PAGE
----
In this study, we provide evidences that miR-202 was aberrantly downregulated in EAC tissues compared with that in nontumor tissues. Re-expression of miR-202 significantly suppressed cell proliferation both in vitro and vivo. FOXR2 was identified as a direct and functional target of miR-202. These findings may provide potential insights into the molecular mechanism and new targets for EAC treatment.

2. Material and Methods

2.1. Tissue Samples

A total of 90 endometrioid adenocarcinoma tissues and 40 corresponding nontumor tissues were collected at the Department of Obstetrics and Gynecology, The 2nd Hospital of Shandong University, from January 2008 to June 2012. The nontumor tissues were normal endometrium from patients who underwent hysterectomy because of benign diseases, such as leiomyoma. Tissues obtained from patients at the time of surgical resection were immediately stored at −80°C. None of the patients have received the radiotherapy or chemotherapy before surgery. The experiment was approved by the Ethics Committee of The 2nd Hospital of Shandong University.

2.2. Cell Lines

Two human endometrioid adenocarcinoma cell lines (KLE and AN3CA) were cultured in Dulbecco’s Modified Eagle’s Medium (HyClone, South Logan, UT, USA) supplemented with 10% fetal bovine serum (HyClone) and 100 U/mL penicillin/streptomycin. All cells were maintained in a humidified chamber with 5% CO2 at 37°C.

2.3. Quantitative Real-Time PCR

Total RNA was extracted using TRIzol Reagents (Invitrogen, Carlsbad, CA, USA) according to the manufacturer’s instruction. Quantitative real-time PCR (qRT-PCR) was performed to detect the relative expression of miR-202 in cells and tissues using the NCode miRNA qRT-PCR Analysis (Invitrogen, CA) according to the manufacturer’s protocols. The snRNA U6 was used as internal control.

2.4. Western Blot Assay

Total protein was extracted from cells or tissues using M-PER mammalian protein extraction reagent (Pierce Biotechnology, MA). Protein concentration was measured using BCA Protein Assay kit (Beyotime). The proteins were separated by 10% SDS-PAGE and transformed to nitrocellulose filter membranes (Hybond, Escondido, CA, USA). After blocked with 5% skimmed milk for 1 h at room temperature, the membrane was incubated with the first antibody at 4°C overnight, followed by the incubation with the second antibody for 1 h at room temperature. The protein bonds were visualized using EZ-ECL chemiluminescence detection kit for HRP (Biological Industries, Beit-Haemek, Israel). All the antibodies were purchased from Abcam.

2.5. Cell Transfection

miR-202 inhibitor and the negative control were transfected into cells using the lipofectamine RNAi MAX (Invitrogen, Carlsbad, CA, USA) following the manufacturer’s protocols at a final concentration of 50 nM. Cells were harvested after 48 h of transfection for further analysis. Vectors expressing GIPZ-miR-202 or control vectors were packaged to produce lentivirus. Virus infection and puromycin selection was conducted to get stable cell lines.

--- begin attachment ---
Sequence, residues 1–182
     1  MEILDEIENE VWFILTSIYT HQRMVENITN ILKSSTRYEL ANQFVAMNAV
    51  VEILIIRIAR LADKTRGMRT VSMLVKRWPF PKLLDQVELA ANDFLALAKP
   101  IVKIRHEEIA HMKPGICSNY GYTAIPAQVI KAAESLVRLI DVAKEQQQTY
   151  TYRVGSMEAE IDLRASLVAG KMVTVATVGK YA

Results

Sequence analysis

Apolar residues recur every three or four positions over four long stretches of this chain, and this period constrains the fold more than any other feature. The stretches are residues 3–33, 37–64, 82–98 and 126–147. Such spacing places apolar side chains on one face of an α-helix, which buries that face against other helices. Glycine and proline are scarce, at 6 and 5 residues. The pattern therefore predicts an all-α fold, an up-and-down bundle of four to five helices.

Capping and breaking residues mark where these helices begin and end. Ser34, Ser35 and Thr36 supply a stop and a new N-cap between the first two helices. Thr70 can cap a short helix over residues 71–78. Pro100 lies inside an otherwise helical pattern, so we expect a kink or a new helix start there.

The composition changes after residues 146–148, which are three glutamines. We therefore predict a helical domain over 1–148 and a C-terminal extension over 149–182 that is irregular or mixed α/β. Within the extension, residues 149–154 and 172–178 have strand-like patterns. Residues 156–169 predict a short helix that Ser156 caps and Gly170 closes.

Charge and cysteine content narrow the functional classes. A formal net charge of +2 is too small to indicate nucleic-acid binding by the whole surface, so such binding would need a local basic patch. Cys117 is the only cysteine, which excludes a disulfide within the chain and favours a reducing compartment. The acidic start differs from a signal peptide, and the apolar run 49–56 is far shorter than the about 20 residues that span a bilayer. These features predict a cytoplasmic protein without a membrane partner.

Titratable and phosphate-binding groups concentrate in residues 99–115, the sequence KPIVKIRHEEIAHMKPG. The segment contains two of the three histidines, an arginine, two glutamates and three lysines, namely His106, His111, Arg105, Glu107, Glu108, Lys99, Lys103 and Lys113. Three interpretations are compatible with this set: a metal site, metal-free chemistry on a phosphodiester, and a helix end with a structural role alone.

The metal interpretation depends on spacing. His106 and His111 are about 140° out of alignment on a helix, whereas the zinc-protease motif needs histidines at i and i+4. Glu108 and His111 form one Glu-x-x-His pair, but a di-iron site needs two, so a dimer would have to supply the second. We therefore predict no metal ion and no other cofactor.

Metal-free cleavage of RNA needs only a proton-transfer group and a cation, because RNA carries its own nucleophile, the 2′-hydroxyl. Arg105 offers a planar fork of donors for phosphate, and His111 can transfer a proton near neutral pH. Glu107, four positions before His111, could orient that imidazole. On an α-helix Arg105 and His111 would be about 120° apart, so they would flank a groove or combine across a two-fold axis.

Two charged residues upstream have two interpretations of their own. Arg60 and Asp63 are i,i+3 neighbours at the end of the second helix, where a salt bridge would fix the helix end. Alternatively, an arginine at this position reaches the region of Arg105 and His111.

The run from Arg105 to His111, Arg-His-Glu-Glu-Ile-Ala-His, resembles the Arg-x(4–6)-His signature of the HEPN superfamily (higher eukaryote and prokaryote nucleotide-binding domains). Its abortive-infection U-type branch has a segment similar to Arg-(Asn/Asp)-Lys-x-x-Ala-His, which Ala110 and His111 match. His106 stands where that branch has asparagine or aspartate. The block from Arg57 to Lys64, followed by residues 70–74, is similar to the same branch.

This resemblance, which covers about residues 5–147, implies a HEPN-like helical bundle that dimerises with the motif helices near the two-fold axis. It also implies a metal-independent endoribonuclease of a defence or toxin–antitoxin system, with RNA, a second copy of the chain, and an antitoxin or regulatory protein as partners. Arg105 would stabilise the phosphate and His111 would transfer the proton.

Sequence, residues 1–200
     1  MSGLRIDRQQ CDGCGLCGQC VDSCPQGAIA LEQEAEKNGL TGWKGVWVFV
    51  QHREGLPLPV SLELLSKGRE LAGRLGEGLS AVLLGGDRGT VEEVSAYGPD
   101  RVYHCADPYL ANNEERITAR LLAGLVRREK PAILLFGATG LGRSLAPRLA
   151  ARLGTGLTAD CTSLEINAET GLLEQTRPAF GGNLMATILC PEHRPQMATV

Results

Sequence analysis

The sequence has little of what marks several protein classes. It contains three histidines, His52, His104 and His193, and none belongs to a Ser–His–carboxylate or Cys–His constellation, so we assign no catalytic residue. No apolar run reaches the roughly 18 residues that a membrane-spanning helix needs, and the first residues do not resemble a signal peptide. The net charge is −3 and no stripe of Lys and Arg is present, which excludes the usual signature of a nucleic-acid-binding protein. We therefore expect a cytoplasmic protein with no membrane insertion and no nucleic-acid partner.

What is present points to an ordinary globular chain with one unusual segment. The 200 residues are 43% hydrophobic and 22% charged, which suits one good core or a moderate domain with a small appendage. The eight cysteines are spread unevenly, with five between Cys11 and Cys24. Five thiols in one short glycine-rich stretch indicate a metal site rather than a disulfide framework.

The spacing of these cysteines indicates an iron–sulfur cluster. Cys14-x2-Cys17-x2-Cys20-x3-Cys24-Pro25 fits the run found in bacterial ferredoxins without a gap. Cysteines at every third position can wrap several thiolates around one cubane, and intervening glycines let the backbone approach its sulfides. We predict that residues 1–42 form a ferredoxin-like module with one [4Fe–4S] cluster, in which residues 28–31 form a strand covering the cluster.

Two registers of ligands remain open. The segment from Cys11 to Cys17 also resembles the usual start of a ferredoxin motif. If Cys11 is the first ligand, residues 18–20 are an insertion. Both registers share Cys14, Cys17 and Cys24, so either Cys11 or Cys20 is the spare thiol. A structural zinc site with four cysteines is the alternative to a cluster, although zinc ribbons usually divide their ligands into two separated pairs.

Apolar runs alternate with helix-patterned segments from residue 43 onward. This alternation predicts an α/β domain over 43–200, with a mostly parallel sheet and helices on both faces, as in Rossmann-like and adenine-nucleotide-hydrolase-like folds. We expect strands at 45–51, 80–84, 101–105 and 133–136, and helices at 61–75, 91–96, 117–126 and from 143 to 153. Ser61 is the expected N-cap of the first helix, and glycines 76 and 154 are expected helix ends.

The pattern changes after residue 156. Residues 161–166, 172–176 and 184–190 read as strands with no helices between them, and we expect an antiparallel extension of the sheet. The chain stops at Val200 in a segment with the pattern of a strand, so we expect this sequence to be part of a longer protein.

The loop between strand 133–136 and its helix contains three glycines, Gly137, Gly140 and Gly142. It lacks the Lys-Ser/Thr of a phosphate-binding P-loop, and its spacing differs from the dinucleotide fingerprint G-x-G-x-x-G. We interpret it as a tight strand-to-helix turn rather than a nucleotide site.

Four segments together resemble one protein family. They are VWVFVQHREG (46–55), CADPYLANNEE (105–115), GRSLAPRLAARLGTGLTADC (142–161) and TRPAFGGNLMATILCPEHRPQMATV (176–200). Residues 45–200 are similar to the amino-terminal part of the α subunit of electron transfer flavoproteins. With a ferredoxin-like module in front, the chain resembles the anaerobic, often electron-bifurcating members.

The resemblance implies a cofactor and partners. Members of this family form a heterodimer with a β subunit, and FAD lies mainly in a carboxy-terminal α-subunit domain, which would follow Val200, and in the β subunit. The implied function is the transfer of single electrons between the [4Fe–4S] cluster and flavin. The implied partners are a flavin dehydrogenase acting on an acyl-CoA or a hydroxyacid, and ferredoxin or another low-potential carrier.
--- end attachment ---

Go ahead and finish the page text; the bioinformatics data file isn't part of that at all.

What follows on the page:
2.6. Luciferase Reporter Assay

For luciferase reporter assay, FOXR2-3′-UTR sequences were amplified and cloned into the downstream of the luciferase reporter gene in pMIR-REPORT luciferase vectors. Mutant 3′-UTR of FOXR2 [18] was generated using QuikChange site-directed mutagenesis kit (Stratagene, Cedar Creek, TX, USA). Cells were collected after 48 h of transfection with miR-202 mimics or control plus pMIR-FOXR2-3′-UTR (WT) or pMIR-FOXR2-3′-UTR [18]. Luciferase activity was measured by a dual-luciferase reporter assay system (Promega, GenePharma, Shanghai). Firefly luciferase activity was normalized to Renilla luciferase activity. All experiments were performed in triplicate.

2.7. Immunohistochemistry Assay

The 90 EAC tissues and 40 control tissues underwent fixation in 4% paraformaldehyde, paraffin embedded, and cut into 5 μm sections. Tissue slides were deparaffinized in xylene and rehydrated in graded series of ethanol. After antigen retrieval was performed to the sections, they were blocked by 3% hydrogen peroxidase in methanol. The slides were then blocked with goat serum and incubated with FOXR2 primary antibody. Secondary antibody was added and incubated at room temperature. After Streptavidin HRP was added, sections were stained with DAB substrate and counterstained with hematoxylin. Staining intensity was graded and each section was scored as 0 to 3. The tissues with a score of 0 and 1 were defined as FOXR2 negative while tissues with a score of 2 and 3 were defined as negative.

2.8. Cell Proliferation Assay

Cell proliferation was measured using 3-(4, 5-dimethylthiazol-2-yl)-2, 5-diphenyltetrazolium bromide (AMRESCO, Solon, OH, USA) assay. Cells transfected with GIPZ-miR-202, miR-202 inhibitor, or control were cultured in 96-well plates for 1–7 days. On the indicated days, cells were added with 3-(4, 5-dimethylthiazol-2-yl)-2, 5-diphenyltetrazolium bromide and incubated for 4 h at 37°C. Then, the supernatants were removed and DMSO (150 μL/well) was added into wells to dissolve formazan crystals. Absorbance was detected at 490 nm for each sample using a Multilabel Plate Reader (PerkinElmer, Waltham, MA, USA).

2.9. Tumor Growth Assay In Vivo